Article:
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Help Overclock I5 4670k to 4.3ghz

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#1
Specs:
CPU: I5 4670K
Motherboard: asrock z87 fatal1ty killer
Cooler: Cooler Master 240 Seidon
GPU: Sapphire R9 270x 2gb
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AMBIENT TEMP: 34C
Stress test: AIDA64

I can go at 4.2ghz at 1.247 vcore but when I try 4.3ghz even at 1.305 vcore it still crashes, Am I doing something wrong?

And are there other important things to consider in overclocking rather than Core multiplier and Vcore to improve overclocking?
 
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#2
Specs:
CPU: I5 4670K
Motherboard: asrock z87 fatal1ty killer
Cooler: Cooler Master 240 Seidon
GPU: Sapphire R9 270x 2gb
PSU: Seasonic M12II 750W
Case: NZXT phantom 530
Fans:
Top
- 240 radiator with 2 x 120mm stock fan Push
Rear
- 1 x nzxt FX 140
Front
- 1 x nzxt FZ 200mm
Buttom
- 2 x Corsair SP120

AMBIENT TEMP: 34C
Stress test: AIDA64

I can go at 4.2ghz at 1.247 vcore but when I try 4.3ghz even at 1.305 vcore it still crashes, Am I doing something wrong?

And are there other important things to consider in overclocking rather than Core multiplier and Vcore to improve overclocking?
Try to lower the cpu "cache" clock, and run the RAM @ default speed - i.e., do not OC the RAM.
 
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Cooling Swiftech H220 (2 pumps burnt. Saving it for GPU later...), CM Hyper 212X (in push-pull) for CPU
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#4
Will lowering the CPU cache lower the performance of the CPU?
And my ram is at 1866 so I should go with 1600.
Ideally it's best to run both the core and cache at same frequencies but only a handful of chips can do that at higher clocks WITH high mem clocks. But lowering the cache ratio CAN give you a bit headroom to push the core clock higher. Whether it's of any benefit is solely subject to benchmark scores which you're gonna have to do to figure out.
Yes, do not enable XMP, go with manual and use the "default" which is either 1333 or 1600 depending on your particular kit.
 
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#5
Ideally it's best to run both the core and cache at same frequencies but only a handful of chips can do that at higher clocks WITH high mem clocks. But lowering the cache ratio CAN give you a bit headroom to push the core clock higher. Whether it's of any benefit is solely subject to benchmark scores which you're gonna have to do to figure out.
Yes, do not enable XMP, go with manual and use the "default" which is either 1333 or 1600 depending on your particular kit.
This is what I bought
http://www.gskill.com/en/product/f3-14900cl9d-8gbxl

it is rated at 1866 is this the default and is higher mhz for the ram will make the CPU unstable when overclocking?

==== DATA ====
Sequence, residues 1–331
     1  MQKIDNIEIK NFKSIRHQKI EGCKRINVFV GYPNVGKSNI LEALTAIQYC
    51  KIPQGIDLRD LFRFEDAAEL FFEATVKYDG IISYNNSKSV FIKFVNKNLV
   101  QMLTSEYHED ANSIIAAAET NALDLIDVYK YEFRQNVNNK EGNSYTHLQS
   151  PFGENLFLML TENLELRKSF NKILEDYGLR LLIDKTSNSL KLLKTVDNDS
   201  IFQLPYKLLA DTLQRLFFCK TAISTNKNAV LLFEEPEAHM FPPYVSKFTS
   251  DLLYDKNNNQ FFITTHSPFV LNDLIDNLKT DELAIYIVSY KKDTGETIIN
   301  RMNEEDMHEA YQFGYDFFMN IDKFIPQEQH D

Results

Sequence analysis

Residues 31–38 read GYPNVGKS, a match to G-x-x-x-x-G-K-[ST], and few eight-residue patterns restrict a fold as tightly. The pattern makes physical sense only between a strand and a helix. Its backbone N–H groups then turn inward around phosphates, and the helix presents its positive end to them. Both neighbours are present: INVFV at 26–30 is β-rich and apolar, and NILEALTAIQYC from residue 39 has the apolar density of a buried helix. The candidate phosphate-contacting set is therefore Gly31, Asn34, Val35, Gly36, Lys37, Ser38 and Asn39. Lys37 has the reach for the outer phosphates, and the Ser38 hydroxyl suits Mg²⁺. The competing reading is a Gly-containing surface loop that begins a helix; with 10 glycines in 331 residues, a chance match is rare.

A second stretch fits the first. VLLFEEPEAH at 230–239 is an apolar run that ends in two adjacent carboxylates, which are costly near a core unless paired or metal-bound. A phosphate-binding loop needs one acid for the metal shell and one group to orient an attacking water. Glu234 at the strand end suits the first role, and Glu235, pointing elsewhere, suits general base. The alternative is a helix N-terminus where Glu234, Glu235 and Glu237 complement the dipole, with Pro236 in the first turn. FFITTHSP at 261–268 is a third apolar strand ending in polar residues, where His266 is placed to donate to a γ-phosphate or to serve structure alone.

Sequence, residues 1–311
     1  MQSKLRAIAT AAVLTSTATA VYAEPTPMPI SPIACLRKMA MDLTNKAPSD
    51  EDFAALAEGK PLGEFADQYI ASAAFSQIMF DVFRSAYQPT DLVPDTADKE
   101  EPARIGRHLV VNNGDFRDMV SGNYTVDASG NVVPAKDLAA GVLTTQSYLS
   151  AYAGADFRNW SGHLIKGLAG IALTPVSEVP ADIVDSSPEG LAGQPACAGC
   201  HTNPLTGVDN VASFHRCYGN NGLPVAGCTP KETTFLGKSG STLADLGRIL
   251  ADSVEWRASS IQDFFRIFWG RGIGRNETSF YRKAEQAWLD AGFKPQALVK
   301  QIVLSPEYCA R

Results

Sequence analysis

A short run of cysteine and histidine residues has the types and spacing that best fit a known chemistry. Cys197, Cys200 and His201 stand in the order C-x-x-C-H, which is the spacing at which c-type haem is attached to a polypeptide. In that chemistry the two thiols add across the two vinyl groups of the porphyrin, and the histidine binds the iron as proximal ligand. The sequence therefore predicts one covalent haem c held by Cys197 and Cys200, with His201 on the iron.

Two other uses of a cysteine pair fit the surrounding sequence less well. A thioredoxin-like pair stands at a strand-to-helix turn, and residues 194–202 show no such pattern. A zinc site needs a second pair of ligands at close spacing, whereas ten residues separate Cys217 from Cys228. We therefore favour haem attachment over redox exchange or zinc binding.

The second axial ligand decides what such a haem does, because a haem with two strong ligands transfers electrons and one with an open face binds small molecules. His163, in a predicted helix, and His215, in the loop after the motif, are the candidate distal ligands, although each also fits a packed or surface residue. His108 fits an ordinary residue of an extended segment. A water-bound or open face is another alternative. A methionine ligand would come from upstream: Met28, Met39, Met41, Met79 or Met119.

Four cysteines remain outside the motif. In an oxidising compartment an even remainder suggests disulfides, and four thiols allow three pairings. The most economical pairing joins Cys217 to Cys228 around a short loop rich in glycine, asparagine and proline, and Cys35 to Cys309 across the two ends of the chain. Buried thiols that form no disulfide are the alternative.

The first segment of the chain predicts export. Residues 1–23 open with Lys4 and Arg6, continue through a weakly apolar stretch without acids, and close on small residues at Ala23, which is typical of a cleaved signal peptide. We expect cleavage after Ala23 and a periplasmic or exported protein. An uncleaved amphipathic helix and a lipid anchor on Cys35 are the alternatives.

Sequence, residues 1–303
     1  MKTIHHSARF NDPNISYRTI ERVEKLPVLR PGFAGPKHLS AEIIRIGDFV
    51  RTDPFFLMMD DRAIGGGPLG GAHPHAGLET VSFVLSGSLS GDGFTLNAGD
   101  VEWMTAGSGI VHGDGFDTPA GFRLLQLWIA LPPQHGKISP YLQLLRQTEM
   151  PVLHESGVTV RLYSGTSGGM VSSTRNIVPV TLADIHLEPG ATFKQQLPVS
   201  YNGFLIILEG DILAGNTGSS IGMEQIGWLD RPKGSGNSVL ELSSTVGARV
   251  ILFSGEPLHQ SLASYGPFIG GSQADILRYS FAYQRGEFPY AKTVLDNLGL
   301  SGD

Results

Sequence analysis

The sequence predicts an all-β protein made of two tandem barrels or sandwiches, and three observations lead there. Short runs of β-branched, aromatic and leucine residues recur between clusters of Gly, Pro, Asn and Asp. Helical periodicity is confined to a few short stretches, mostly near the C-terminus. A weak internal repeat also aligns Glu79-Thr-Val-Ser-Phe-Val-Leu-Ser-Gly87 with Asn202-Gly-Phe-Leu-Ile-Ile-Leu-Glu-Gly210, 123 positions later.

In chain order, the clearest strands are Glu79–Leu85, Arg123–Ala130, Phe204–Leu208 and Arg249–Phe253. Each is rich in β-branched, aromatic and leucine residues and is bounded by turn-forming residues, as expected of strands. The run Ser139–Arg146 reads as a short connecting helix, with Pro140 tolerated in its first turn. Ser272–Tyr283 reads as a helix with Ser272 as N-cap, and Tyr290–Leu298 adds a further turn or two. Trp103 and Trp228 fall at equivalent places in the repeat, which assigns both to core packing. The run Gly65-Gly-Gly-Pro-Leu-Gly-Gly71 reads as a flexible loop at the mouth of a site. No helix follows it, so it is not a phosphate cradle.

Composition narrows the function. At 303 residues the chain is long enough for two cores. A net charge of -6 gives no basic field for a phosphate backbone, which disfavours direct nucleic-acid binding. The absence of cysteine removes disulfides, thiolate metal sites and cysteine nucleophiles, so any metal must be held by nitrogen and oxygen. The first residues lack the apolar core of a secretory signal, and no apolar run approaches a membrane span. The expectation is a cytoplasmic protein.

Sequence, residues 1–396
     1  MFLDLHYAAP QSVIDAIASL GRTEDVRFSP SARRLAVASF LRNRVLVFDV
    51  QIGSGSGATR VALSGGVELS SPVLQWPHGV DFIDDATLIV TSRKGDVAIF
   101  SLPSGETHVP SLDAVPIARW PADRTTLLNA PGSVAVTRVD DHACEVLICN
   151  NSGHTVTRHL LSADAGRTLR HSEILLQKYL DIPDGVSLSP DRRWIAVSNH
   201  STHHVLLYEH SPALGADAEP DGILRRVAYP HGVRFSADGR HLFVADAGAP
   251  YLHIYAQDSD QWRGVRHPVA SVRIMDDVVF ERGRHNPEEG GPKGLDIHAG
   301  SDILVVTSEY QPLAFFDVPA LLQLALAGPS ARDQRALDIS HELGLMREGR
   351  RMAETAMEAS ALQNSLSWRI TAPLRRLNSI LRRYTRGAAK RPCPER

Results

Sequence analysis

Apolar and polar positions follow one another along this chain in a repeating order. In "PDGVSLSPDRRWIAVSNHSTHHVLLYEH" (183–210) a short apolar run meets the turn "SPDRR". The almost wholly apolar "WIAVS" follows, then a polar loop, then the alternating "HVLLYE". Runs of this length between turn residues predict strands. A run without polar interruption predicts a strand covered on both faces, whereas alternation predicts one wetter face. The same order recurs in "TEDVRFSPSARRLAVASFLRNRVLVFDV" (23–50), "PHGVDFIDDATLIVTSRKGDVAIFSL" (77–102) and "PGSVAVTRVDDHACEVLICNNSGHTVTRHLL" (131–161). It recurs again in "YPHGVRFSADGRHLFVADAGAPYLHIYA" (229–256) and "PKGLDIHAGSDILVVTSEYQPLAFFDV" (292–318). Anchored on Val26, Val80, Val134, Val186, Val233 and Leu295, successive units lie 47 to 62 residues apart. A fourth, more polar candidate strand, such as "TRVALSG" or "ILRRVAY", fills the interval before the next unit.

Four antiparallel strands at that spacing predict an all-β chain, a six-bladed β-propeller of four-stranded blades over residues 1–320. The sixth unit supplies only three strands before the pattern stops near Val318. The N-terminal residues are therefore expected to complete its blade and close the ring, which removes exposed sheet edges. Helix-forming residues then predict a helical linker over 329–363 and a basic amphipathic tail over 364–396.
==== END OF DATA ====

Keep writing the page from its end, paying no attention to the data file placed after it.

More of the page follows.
How high did you go in your I5 4670k?
 
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#6
This is what I bought
http://www.gskill.com/en/product/f3-14900cl9d-8gbxl

it is rated at 1866 is this the default and is higher mhz for the ram will make the CPU unstable when overclocking?

How high did you go in your I5 4670k?
"SPD Speed 1600MHz" is what is the "default". 1866 is the factory-tested, guaranteed oc speed. Doesn't mean you can or cannot run it this or higher speeds with YOUR CPU at your CPU oc. Since the memory controller is "integrated" in the Haswell chip, the amount of oc you can get from your CPU is inversely proportional to that of the RAM. You can not push both the RAM and the CPU too far simultaneously. Only a very small number of chips can allow that. Yours is obviously not one of those. OC'eing the RAM hardly makes any difference in games. Keep the RAM at 1600 and cache at 3800 (or even 3400, just for testing) and then try 4300 on the core.
I managed 4.5 but it didn't pass all the stress tests even @1.4v so I didn't bother any more and pulled back to 4.4.
 
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#7
"SPD Speed 1600MHz" is what is the "default". 1866 is the factory-tested, guaranteed oc speed. Doesn't mean you can or cannot run it this or higher speeds with YOUR CPU at your CPU oc. Since the memory controller is "integrated" in the Haswell chip, the amount of oc you can get from your CPU is inversely proportional to that of the RAM. You can not push both the RAM and the CPU too far simultaneously. Only a very small number of chips can allow that. Yours is obviously not one of those. OC'eing the RAM hardly makes any difference in games. Keep the RAM at 1600 and cache at 3800 (or even 3400, just for testing) and then try 4300 on the core.
I managed 4.5 but it didn't pass all the stress tests even @1.4v so I didn't bother any more and pulled back to 4.4.